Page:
Obama defeated a sitting Democrat state senator in Illinois when the Chicago Tribune (David Axelrod's old employer) got a judge to unseal the divorce records of the sitting state senator. The poor guy never recovered from the salacious revelations.

Funny, Jack Ryan, Obama's opponent in his campaign for the US Senate also had his divorce records unsealed. The LA Times went to a judge in California and magically those records were unsealed. (Jack was married to Jeri Ryan, of 7 of 9 fame). Those materials also destroyed his political career.

Anyone see a pattern here? True, I can't prove that Obama's finger prints are on this.

If this is how the Obama government uses private information, can they be trusted with massive collections of data on every American?

How did they use information on TEA Party groups?

The people should control the government, not the other way around.

Buena Vista, VA

"Give me liberty, or give me death." - Patrick Henry

Sandy, UT

The 4th Amendmeny was written to prevent this exact type of behavior. That is why it requires probable cause for a warrant to issue. If the government is spying on us, there is really no liberty. I can assure you, the government tracking my phone calls will not prevent a terror attack. It will, however, allow a corrupt government to use informantion against me. Does anyone remember the FBI files that ended up at the white house, even though it was illegal for them to be there. If you call the wrong tlephone numbers, give to the wrong political party, a corrupt government can use its many enforcement branches to make life difficult. They have already show a willingness to use the IRS.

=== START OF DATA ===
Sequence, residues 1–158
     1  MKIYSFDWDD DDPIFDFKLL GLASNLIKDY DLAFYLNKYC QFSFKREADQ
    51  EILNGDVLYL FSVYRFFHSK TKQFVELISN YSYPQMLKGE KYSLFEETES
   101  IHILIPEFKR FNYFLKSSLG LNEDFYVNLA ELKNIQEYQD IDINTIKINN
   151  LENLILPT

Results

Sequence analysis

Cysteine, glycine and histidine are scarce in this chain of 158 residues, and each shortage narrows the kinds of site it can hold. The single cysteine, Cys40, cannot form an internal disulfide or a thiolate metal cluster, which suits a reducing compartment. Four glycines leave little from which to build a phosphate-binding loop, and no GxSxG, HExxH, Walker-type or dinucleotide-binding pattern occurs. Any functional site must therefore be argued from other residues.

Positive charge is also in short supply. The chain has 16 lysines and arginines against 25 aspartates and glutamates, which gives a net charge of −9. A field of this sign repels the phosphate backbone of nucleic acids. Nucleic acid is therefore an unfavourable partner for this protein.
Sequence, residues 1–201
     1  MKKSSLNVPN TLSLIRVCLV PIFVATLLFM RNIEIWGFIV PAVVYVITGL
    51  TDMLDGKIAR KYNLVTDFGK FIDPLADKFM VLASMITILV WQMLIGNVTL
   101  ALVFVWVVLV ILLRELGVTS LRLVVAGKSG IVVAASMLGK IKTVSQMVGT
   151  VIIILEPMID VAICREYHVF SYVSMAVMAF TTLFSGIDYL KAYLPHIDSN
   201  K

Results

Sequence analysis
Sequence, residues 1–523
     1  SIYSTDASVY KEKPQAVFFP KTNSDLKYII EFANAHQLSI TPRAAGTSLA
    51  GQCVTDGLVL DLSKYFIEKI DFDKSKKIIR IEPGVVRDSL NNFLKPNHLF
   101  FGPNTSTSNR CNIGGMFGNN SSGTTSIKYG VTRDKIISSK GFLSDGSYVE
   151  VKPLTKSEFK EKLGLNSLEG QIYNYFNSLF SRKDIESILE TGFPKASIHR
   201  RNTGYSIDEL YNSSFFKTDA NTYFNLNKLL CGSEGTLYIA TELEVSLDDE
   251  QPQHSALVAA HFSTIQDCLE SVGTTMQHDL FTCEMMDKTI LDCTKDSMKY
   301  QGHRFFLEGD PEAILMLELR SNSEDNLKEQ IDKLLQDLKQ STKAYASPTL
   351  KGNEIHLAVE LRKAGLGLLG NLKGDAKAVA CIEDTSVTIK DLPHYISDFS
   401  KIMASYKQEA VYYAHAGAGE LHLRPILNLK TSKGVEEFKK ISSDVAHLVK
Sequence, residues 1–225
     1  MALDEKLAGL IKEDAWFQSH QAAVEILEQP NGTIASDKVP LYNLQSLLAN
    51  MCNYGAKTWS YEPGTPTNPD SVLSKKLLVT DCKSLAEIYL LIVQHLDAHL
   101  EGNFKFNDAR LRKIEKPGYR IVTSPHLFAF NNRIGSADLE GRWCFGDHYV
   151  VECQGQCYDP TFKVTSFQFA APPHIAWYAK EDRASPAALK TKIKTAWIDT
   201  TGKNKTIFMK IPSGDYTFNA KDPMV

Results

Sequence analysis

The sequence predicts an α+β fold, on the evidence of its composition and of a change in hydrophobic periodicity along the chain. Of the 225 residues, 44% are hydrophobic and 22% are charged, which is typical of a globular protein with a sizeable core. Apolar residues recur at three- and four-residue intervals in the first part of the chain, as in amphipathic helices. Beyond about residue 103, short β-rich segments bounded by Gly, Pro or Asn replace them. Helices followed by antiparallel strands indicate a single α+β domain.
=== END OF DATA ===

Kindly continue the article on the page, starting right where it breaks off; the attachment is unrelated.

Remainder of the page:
Happy Valley Heretic
Orem, UT

Headline should read– Mysterious Loss of Time: Folks not able to account for 12 years of their lives, awake to find their right to privacy had been removed over 12 years ago!

Better late than never, but I have to ask, what took so long for you to notice and or care, and why now?

Uniting (and) Strengthening America (by)Providing Appropriate Tools Required (to) Intercept (and) Obstruct Terrorism Act of 2001.[1] is an Act of Congress that was signed into law by President George W. Bush on October 26, 2001.

Such a clever name, got a flag on your lapel?

Craig Clark
Boulder, CO

These protestors are exercising their Constitutional rights of freedom of speech. Even using images like the swastika and the hammer and sickle is protected speech guaranteed by the government they slander.